Friday, June 8, 2012

It's World "Who Gives a Shit about Oceans" Day!

World Oceans Day is June 8th.

Two leopard dorid nudibranch
I am blessed to live on one of the Southern Gulf Islands off the coast of British Columbia.

My friend, the chiton
(probably a hairy)
I announced this past Tuesday to everyone I knew that the year's lowest low tide would happen at 12:05 pm. There's nothing like a negative tide (-0.3 feet!) for exploring the intertidal world, especially the lowest areas that are usually covered in water.

The co-author of my intertidal book joined me, and I was happy to see some young friends come with their children, who enthusiastically -- or politely -- oohed and aahhed for a while, but then played imaginative games together along the shore.

Orange tunicate, or sea squirt (our
closest relative in the invertebrate
world - true!)
One mom followed along with me as we peered under mysterious ledges and carefully lifted algae-encrusted rocks to see who was living underneath. For me, it was like running into old friends I haven't seen in a year. Hey, hello chiton! Hello, six-armed seastar! Nudibranch! Sea squirt! Like George Bailey in It's a Wonderful Life when he realizes he's still alive! And this mom, bless her, admitted that learning the names of what she was seeing made her exploration more fun and fulfilling.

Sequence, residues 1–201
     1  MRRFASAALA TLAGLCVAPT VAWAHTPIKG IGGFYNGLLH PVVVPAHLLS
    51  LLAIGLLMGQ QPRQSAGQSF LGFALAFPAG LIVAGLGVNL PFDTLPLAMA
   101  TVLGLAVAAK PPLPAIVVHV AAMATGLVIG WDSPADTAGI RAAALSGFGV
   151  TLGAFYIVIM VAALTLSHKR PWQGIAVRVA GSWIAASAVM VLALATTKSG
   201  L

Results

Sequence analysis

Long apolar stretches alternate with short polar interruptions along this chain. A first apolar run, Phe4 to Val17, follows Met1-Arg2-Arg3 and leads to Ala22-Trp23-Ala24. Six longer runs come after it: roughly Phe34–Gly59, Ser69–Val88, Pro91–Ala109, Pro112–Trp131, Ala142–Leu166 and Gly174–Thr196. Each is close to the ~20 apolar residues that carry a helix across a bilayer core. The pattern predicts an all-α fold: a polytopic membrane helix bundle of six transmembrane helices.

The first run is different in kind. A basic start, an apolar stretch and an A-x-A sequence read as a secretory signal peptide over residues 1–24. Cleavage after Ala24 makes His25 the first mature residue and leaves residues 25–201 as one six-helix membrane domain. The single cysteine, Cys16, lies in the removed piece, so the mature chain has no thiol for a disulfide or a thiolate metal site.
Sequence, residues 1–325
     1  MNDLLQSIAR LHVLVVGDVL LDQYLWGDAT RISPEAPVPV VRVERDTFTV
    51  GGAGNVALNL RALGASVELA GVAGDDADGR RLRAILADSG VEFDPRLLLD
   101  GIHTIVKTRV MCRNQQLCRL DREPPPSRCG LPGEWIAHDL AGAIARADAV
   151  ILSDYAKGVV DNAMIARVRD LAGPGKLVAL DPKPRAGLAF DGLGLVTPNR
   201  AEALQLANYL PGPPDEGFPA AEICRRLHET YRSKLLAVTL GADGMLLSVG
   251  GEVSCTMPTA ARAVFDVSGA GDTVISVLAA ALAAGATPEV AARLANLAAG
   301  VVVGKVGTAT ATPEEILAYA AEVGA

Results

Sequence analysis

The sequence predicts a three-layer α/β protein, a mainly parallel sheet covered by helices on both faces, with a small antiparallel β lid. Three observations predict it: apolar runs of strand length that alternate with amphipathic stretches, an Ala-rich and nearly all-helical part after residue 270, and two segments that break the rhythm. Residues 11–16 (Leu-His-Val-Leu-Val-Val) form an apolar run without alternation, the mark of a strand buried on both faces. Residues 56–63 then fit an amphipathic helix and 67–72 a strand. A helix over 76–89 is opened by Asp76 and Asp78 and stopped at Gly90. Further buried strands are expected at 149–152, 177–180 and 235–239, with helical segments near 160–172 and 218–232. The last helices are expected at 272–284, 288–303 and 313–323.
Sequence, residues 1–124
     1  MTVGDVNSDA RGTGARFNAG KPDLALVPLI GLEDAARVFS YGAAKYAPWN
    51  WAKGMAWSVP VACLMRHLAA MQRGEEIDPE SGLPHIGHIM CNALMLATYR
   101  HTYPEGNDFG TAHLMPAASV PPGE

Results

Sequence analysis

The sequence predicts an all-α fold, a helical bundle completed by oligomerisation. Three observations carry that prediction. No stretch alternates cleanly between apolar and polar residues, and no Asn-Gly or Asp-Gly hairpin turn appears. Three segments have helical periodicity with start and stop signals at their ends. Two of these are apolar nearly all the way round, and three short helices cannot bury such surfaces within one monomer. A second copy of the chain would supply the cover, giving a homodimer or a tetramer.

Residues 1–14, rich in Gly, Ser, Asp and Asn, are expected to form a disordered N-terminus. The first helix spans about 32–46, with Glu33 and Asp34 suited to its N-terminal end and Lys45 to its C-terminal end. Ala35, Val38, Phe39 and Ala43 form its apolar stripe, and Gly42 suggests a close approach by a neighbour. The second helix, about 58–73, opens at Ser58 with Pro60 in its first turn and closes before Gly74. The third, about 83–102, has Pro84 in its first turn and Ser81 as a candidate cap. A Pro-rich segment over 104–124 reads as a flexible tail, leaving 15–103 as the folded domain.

It's certainly no longer in fashion to study natural history. Indeed, it's probably considered quaint at best, and boring at worst. In Victorian England, the middle classes enjoyed passions or crazes for seashells, for ferns, for geology. Amateur scientists abounded, and letters to the editor debated the habits and habitats of butterflies and frogs.

Sea lemon (dorid nudibranch)
 But today, even environmental educators shy away from "naming" our kin of other species. We're afraid it will turn kids off.

But how are we to make friends with someone -- of any species -- if we can't even take the time to learn their name?

Besides my friend and the handful of kids and their moms, there were two dog walkers on the beach that day. Just walking and talking, not looking or exploring or being curious. And that was it. On the lowest low tide day of the year.

If we're not curious enough to discover who inhabits the banks of our creeks, streams and rivers, who lives along the edges of our ditches, ponds and lakes, who dwells within the intertidal zone that connects the land to the sea, well, forget caring about ocean acidification, pollution, the North Pacific Gyre, overfishing or dead zones.

Happy World "Who Gives a Shit About the Oceans" Day. Please count me as someone who does.

posted by Virulent Green, GreenHearted's alter ego

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